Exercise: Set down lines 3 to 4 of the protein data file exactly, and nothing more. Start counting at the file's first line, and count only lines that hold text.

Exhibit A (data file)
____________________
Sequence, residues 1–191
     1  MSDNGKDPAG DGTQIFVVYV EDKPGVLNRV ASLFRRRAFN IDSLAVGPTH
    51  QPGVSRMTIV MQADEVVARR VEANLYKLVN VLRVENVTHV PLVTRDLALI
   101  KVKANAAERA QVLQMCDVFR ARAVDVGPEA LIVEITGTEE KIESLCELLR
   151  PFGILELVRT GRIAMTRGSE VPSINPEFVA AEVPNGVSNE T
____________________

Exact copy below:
    51  QPGVSRMTIV MQADEVVARR VEANLYKLVN VLRVENVTHV PLVTRDLALI
   101  KVKANAAERA QVLQMCDVFR ARAVDVGPEA LIVEITGTEE KIESLCELLR